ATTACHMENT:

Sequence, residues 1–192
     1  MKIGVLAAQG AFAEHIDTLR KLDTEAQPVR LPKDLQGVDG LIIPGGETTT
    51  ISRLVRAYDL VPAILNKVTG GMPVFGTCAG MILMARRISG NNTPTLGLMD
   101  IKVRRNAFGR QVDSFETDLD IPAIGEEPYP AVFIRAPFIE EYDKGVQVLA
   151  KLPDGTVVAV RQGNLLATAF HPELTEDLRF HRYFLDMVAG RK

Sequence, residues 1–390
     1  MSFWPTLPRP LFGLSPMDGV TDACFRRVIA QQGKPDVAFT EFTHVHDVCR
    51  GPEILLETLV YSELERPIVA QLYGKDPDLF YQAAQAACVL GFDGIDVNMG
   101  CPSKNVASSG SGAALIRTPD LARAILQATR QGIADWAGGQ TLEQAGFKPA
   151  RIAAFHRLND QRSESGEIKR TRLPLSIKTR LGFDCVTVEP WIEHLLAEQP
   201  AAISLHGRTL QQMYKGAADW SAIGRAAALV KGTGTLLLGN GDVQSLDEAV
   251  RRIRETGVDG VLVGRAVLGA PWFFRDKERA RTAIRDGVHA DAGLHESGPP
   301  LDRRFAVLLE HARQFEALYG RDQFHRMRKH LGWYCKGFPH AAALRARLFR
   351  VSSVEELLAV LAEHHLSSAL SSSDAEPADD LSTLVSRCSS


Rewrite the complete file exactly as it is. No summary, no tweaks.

Sequence, residues 1–192
     1  MKIGVLAAQG AFAEHIDTLR KLDTEAQPVR LPKDLQGVDG LIIPGGETTT
    51  ISRLVRAYDL VPAILNKVTG GMPVFGTCAG MILMARRISG NNTPTLGLMD
   101  IKVRRNAFGR QVDSFETDLD IPAIGEEPYP AVFIRAPFIE EYDKGVQVLA
   151  KLPDGTVVAV RQGNLLATAF HPELTEDLRF HRYFLDMVAG RK

Sequence, residues 1–390
     1  MSFWPTLPRP LFGLSPMDGV TDACFRRVIA QQGKPDVAFT EFTHVHDVCR
    51  GPEILLETLV YSELERPIVA QLYGKDPDLF YQAAQAACVL GFDGIDVNMG
   101  CPSKNVASSG SGAALIRTPD LARAILQATR QGIADWAGGQ TLEQAGFKPA
   151  RIAAFHRLND QRSESGEIKR TRLPLSIKTR LGFDCVTVEP WIEHLLAEQP
   201  AAISLHGRTL QQMYKGAADW SAIGRAAALV KGTGTLLLGN GDVQSLDEAV
   251  RRIRETGVDG VLVGRAVLGA PWFFRDKERA RTAIRDGVHA DAGLHESGPP
   301  LDRRFAVLLE HARQFEALYG RDQFHRMRKH LGWYCKGFPH AAALRARLFR
   351  VSSVEELLAV LAEHHLSSAL SSSDAEPADD LSTLVSRCSS